GRANTS PASS, Ore. - Skeletal remains found nearly half a century ago in the woods outside Grants Pass, Ore., have finally been identified as an Aberdeen, Wash., girl who disappeared or ran away from home a few months earlier, officials said Thursday.
Anne Marie Lehman, who was 16 years old at the time of her disappearance and would have turned 65 this year, was identified through a confirmed match with her sister's DNA.
But the story of how that match was finally made all of these years later shows how modern forensic technology and determined investigators can shed light on the coldest of cold cases. And it has inspired officials to keep digging to see if they can determine how Anne Lehman died, said Josephine County Sheriff Dave Daniel.
The story begins on Aug. 18, 1971, when a traveling father and his son stopped along the Redwood Highway in Josephine County to spend the night, Daniel said.
The next morning, they stepped into the nearby woods and discovered the scattered skeletal remains of a young female.
At the time, Josephine County sheriff’s investigators did all they could to identify who the remains belonged to, the cause and manner of death and how the remains came to be there. When all leads were exhausted, the case was deemed “inactive” and the remains were placed in storage and listed simply as "Jane Doe - Josephine County 71-940."
In August 2004, cold case detectives renewed activity in the case as advancements in forensic science now allowed investigators to put a face on Jane Doe.
Forensic artist Joyce Nagy completed a clay facial reconstruction of Jane Doe. She nicknamed her work "Jane Annie Doe" as she felt the likeness she created displayed features inspiring the name "Annie."
Investigators distributed the image nationwide, resulting in numerous leads that kept the case active for several more years, Daniel said.
Then, in late 2016, forensic isotope analysis of Jane Annie Doe’s hair, teeth and bones indicated she was most likely from the northeast portion of the U.S. and migrated to the Pacific Northwest.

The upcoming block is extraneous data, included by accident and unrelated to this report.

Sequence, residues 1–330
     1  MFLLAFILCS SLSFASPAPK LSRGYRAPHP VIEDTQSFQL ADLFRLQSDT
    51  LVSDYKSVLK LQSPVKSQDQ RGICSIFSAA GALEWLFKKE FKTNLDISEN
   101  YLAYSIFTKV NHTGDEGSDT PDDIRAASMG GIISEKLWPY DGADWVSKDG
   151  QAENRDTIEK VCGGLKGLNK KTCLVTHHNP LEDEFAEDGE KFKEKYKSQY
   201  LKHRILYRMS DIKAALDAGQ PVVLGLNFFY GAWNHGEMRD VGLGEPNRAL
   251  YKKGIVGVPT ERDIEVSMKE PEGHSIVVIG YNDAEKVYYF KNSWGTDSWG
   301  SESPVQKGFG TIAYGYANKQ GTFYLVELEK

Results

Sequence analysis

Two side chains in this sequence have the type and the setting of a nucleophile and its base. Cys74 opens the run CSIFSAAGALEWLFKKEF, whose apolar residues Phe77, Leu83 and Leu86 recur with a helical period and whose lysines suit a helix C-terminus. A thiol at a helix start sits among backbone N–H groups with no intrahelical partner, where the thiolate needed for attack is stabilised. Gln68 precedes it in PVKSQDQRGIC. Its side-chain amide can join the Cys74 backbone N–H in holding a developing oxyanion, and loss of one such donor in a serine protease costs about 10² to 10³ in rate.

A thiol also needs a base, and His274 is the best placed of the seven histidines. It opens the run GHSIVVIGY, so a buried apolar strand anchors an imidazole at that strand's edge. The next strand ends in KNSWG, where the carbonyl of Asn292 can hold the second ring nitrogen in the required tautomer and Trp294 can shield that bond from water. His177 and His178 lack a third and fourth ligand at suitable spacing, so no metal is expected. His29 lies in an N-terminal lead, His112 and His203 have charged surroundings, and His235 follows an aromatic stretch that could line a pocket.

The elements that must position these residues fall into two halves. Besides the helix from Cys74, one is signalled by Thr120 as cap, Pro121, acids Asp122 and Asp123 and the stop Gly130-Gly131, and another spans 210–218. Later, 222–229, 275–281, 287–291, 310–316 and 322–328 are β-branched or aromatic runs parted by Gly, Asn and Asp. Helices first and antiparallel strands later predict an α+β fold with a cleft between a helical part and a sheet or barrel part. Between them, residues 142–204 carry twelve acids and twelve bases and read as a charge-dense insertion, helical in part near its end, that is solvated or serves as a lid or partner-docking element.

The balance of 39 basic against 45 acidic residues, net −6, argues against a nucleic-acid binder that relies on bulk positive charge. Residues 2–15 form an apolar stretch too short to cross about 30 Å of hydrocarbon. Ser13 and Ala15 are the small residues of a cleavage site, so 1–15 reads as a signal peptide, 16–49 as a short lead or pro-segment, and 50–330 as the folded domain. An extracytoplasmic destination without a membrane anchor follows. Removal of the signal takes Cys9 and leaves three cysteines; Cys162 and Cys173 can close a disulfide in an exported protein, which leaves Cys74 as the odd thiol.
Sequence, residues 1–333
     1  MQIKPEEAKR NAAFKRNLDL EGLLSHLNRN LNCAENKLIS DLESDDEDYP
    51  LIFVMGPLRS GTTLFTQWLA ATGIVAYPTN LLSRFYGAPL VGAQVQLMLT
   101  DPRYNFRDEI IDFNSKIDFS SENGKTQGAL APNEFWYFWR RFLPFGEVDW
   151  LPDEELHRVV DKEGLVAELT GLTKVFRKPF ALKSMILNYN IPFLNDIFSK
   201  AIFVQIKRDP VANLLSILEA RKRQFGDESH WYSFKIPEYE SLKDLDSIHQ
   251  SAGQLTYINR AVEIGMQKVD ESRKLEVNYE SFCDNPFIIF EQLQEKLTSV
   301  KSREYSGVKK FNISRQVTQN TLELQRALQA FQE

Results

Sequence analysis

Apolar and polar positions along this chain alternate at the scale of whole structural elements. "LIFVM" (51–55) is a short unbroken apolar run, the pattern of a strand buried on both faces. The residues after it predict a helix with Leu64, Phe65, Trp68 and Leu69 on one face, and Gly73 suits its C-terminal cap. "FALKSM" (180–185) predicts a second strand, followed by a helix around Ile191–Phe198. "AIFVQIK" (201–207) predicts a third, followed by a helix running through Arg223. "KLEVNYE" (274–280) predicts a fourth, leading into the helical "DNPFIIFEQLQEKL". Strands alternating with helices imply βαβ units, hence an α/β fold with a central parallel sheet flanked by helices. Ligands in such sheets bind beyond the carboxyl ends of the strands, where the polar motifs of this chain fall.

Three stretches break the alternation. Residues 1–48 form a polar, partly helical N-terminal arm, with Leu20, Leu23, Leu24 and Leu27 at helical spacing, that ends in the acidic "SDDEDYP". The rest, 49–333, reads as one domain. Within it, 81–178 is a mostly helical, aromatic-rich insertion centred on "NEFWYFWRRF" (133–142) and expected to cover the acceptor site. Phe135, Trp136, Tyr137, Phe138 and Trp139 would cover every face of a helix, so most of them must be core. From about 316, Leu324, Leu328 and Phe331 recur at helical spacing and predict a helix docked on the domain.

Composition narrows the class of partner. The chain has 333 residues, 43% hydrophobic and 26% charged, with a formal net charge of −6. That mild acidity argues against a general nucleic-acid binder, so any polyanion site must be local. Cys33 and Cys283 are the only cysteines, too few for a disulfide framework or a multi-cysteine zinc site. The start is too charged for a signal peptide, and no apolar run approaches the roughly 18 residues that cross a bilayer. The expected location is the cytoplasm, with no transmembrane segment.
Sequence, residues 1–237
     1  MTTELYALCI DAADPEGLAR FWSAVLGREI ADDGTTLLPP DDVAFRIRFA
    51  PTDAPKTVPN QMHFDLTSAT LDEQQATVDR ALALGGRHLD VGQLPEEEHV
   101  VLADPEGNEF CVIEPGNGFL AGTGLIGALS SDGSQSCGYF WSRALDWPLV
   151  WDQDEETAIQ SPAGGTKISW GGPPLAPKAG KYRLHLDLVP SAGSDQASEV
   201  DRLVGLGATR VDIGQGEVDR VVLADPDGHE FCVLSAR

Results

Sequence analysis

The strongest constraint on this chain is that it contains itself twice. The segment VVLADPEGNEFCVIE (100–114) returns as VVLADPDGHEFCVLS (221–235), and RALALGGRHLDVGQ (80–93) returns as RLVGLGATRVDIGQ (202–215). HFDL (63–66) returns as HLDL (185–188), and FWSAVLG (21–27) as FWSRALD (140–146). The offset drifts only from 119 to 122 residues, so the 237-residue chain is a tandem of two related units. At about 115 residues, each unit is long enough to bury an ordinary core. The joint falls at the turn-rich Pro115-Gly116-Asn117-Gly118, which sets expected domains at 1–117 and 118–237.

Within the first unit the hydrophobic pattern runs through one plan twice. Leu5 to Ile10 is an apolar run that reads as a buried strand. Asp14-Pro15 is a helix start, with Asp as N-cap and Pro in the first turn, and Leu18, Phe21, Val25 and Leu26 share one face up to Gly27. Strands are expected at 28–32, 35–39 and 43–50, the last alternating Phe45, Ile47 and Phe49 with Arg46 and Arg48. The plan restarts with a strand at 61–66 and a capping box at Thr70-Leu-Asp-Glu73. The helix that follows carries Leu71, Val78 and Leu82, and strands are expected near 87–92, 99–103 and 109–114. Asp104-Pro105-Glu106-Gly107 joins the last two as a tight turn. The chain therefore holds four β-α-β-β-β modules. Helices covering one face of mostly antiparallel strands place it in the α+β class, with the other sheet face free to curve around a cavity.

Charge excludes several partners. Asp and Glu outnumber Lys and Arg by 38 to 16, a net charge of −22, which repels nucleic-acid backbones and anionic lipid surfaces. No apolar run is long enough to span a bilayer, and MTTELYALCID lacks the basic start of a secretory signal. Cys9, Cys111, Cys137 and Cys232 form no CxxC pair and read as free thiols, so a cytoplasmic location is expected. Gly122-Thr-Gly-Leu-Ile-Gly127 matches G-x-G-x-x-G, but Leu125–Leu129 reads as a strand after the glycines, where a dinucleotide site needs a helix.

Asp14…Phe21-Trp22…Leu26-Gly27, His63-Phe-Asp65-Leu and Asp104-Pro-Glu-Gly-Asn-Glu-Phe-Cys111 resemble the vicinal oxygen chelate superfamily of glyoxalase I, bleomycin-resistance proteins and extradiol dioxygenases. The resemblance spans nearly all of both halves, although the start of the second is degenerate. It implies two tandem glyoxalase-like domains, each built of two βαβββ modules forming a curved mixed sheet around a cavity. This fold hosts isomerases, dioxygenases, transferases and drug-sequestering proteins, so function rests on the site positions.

This new information, along with a new forensic drawing of what Jane Annie Doe may have looked like, was also published nationwide. Again, several leads were generated, but DNA failed to make a match.
In February 2017, the National Center for Missing and Exploited Children funded and sponsored a case study of the investigation into Jane Annie Doe's death through the "DNA Doe Project."
In November 2018, retired Detective Sgt. Ken Selig received news that DNA from Jane Annie Doe was submitted to the DNA Doe Project by Dr. Nici Vance of the Oregon State Medical Examiner’s Office, which had assumed custody of her remains in 2013.
After weeks of careful analysis and painstaking research, Jane Annie Doe’s family was traced through DNA to relatives in England, New Zealand and Canada. Then, last month, Sgt. Selig was notified that a potential match was found with a sister living in Washington state. She provided a DNA sample and a confirmed match was made.
Cold case investigators learned that Anne Lehman - who actually was affectionately nicknamed "Annie" by her family - was born and raised in southwestern Washington tate, primarily in Aberdeen.
Daniel says Annie Lehman's case illustrates how far the field of forensic science has come. Annie's DNA was heavily degraded, making it difficult to obtain the data needed for finding matches. In addition, the initial DNA matches came from people outside the U.S. who were only distantly related. Those unique challenges make Annie Lehman's case "groundbreaking," he said.
Investigators believe Annie Lehman went missing from Aberdeen in the winter or spring of 1971 under troubling circumstances. Some say Annie Lehman was a runaway and others feel she was abducted and traded to a criminal human trafficking organization. These claims, how she ended up in Josephine County and the cause and manner of her death remain under investigation.
Anyone who knows of any information concerning Anne "Annie" Marie Lehman (age 16 at the time of her disappearance) and her activities in years 1970 and 1971 is urged to contact Detective Ken Selig of the Josephine County Sheriff’s Office at 541-474-5123. The case number is #71-940.
Sheriff Daniel extended his gratitude and thankfulness to all the employees and volunteers who worked on this case over the years, including the Oregon State Police, Oregon State Medical Examiner’s Office, NAMUS, The University of North Texas, and the National Center for Missing and Exploited Children.
Also, Dr. Margaret Press, Dr. Colleen Fitzpatrick, and the volunteers of the DNA Doe Project whose hard work on Jane Annie Doe’s genetic genealogy led to her identification. "
Without the DNA Doe Project orchestrating the effort to bring Annie Marie Lehman home, it may well have taken another 47 years before Annie would be identified and reunited with her family," he said.